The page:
Why I Am A Dooyeweerdian
Disclaimer: One does not need a philosophy to be a Christian. I take philosophy to be an academic discipline. I certainly recognize that one can be a Christian and have nothing to do with theory or scholarship.
In this atypically long entry, there are several things I would like to address: a rough definition of Dooyeweerdianism, a bit of the story of how I became a Dooyeweerdian, and an indication how I subscribe to this school of philosophy.
When others ask me to explain what philosophy is, I often say something like: “well, different academic fields look at reality in different specific ways. For instance, biology is concerned about 'the organic' and 'how things are alive,' and it asks biological sorts of questions --about photosynthesis, for example. Sociology, on the other hand, is concerned about 'groups' and 'how people behave and relate,' and it asks questions about that. Aesthetics, however, is concerned about 'art' and 'how things are symbolic,' and it asks artistic sorts of questions. All the various disciplines ask their own specific types of questions. But philosophy is broader. It wants to looks at the big picture; the totality. Philosophy asks questions about asking questions, you might say.”
Philosophy is the "totality" science (theoretical discipline). It is about analyzing the whole structure of temporal creation. It often involves a great deal of categorical and conceptual clarification.
Dooyeweerdianism --as represented in Dooyeweerd's work "A New Critique," for example-- approaches philosophy in three major divisions:
1) transcendental criticism, in which the religious foundation, orientation, and pre-commitments of all theory and philosophy is explained;
2) modal theory, in which the "multi-aspectual" character of temporal reality, in its diversity and coherence, is explained; and
3) individuality-structure theory, in which the nature of "entities," in their various composition, is explained.
Amidst the prolegomenal and cosmological discussion in the New Critique, Dooyeweerd also suggests a philosophical anthropology and social philosophy.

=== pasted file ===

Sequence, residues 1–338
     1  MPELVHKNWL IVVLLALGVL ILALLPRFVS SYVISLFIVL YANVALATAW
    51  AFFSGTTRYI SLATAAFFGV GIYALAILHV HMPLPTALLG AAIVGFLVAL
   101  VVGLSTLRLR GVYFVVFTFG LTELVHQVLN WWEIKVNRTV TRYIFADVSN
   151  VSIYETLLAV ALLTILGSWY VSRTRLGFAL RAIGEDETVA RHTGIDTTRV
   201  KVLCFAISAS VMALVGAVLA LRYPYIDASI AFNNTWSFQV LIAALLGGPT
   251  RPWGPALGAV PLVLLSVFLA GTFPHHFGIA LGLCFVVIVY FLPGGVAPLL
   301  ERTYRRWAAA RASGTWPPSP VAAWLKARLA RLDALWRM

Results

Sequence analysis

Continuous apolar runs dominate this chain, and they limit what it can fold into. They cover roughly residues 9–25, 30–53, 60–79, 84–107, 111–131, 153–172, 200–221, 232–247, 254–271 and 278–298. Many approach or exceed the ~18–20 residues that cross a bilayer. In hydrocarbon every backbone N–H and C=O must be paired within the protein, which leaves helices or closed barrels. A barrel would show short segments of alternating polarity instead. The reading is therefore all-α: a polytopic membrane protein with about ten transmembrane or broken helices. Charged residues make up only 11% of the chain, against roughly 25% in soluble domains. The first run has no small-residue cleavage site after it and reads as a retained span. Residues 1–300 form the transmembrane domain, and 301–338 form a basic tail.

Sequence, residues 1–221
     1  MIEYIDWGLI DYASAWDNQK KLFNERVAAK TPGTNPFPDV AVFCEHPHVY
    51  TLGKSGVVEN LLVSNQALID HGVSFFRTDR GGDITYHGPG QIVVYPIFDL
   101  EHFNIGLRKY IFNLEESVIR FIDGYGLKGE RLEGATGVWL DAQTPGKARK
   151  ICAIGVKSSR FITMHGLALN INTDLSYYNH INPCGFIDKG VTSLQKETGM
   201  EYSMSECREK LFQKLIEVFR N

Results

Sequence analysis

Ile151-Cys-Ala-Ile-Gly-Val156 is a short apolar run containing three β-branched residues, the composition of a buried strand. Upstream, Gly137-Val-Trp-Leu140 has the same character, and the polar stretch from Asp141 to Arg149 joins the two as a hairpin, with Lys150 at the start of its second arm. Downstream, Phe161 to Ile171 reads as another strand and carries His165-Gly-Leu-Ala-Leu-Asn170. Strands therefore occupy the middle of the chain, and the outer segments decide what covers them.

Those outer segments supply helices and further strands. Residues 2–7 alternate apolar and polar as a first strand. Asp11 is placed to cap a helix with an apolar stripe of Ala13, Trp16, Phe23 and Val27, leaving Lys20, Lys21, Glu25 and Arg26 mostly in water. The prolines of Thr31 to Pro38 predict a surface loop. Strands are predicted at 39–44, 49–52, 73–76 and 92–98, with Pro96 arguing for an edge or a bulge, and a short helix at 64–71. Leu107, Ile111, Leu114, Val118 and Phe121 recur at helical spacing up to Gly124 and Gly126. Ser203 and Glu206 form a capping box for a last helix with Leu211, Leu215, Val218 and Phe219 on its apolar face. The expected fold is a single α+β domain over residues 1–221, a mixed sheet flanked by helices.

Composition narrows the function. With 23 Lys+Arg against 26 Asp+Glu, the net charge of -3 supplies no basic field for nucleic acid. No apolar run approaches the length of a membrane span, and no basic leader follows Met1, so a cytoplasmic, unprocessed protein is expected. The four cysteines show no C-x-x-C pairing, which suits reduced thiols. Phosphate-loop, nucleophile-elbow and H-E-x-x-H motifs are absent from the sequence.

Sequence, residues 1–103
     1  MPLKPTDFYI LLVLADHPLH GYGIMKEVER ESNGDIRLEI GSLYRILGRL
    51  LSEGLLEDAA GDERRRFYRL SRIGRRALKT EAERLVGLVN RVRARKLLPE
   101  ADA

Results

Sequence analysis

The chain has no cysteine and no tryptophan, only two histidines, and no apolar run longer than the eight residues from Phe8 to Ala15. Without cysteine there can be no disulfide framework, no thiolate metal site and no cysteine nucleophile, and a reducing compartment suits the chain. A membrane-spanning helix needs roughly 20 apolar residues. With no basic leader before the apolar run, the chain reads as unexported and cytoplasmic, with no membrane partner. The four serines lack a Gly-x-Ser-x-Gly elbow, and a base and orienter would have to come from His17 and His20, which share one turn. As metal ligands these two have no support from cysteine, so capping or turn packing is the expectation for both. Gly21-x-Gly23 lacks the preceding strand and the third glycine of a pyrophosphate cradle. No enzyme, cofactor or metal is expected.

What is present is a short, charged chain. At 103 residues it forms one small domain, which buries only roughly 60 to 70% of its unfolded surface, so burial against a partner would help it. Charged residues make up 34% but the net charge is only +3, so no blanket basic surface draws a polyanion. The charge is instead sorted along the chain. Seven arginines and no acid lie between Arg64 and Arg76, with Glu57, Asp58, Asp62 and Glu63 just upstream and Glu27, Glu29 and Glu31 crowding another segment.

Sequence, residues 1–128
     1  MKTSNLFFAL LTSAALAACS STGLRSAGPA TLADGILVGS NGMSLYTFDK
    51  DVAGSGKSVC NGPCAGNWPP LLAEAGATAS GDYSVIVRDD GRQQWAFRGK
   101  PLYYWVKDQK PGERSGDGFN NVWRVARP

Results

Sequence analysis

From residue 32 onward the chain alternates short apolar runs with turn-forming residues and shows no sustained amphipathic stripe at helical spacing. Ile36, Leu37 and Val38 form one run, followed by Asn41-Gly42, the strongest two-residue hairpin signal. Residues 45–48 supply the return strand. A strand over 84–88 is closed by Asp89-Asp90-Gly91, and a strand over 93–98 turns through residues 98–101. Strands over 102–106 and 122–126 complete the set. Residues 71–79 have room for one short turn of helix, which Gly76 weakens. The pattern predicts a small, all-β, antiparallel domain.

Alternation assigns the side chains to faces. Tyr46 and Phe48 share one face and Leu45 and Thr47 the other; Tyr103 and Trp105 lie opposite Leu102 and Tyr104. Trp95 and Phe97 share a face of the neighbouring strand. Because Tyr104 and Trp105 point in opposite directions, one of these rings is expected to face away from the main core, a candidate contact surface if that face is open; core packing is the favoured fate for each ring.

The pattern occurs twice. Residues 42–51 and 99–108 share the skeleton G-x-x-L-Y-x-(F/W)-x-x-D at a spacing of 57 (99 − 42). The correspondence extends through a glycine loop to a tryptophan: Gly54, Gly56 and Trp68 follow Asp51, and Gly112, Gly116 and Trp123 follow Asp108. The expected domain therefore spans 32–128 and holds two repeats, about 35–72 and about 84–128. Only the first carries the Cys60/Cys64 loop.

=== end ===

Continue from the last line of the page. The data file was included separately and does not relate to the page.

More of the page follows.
Dooyeweerdianism is concerned to approach philosophy, its several sub-disciplines, and the full array of theoretical fields from a non-scholastic, non-synthesis, non-rationalist, radically biblical (calvinistic) and critical manner. Dooyeweerdianism is opposed to all reductionism and ideologies.
In early high school I was profoundly influenced by G.I. Williamson's study on the Westminster Confession of Faith. This was a great milestone in maturity for me in my understanding and appreciation of the Reformed Faith in which I was raised. I then read Calvin's Institutes and the works of F.A. Schaeffer. By the end of high school, I had read a bit of Cornelius Van Til. I knew then that I wanted to be a philosopher, and my mouth was watering for a comprehensive system that took seriously the idea that the Christian religion provides a unique basis of its own for genuine philosophy.
In college I was introduced to various Christian approaches to philosophy, but I found Kuyper and Dooyeweerd most compelling. I sensed that Wolters and Walsh&Middleton possessed what I was looking for. I was very curious about this much-maligned "Dooyeweerd" fellow.
In my second year I got a copy of L. Kalsbeek's book. The following summer, I read it over and over; making notes, struggling with questions. By the end of the summer I felt as though the ground had been pulled out from beneath me. That summer I experienced a conversion. That may sound suspicious or kooky, but I think the language is appropriate. Unbeknownst to me, I had been an embryonic rationalist. However, Dooyeweerdianism showed me how this was fundamentally incompatible with my religion. I felt reborn into a new theoretical consciousness. Someone once said, “No one has a philosophy. A philosophy has you.”
I continued to read and contemplate whatever Dooyeweerdian material I could find. (Perhaps I will list some works I found helpful in another entry). The most difficult part about progressing in my philosophical understanding was that I was horribly alone. Dooyeweerdians often speak of the crucial importance of laboring (theoretically or otherwise) in community. It took me quite a while to find a few kindred spirits.
Despite isolation and misunderstanding by others I continued to embrace and grow in this school of thought for at least two main reasons:
1) Dooyeweerdianism takes the revelation of God in Jesus Christ with utter seriousness, and seeks to submit its theories at every turn, with total abandon, to His commanding Lordship;
2) Dooyeweerdianism has tremendous explanatory power for the temporal creation in its overwhelming diversity and coherence.
In Dooyeweerdianism I have come to better understand my very self, and that, of course, is a dictum for the pursuit of wisdom. If you are interested in discovering more about this school of philosophy, I recommend to you the Dooyeweerd Pages. And keep an eye out for a future post on other helpful materials.
Also consider the comments of Gideon Strauss, Macht B., and David Koyzis on being Dooyeweerdian.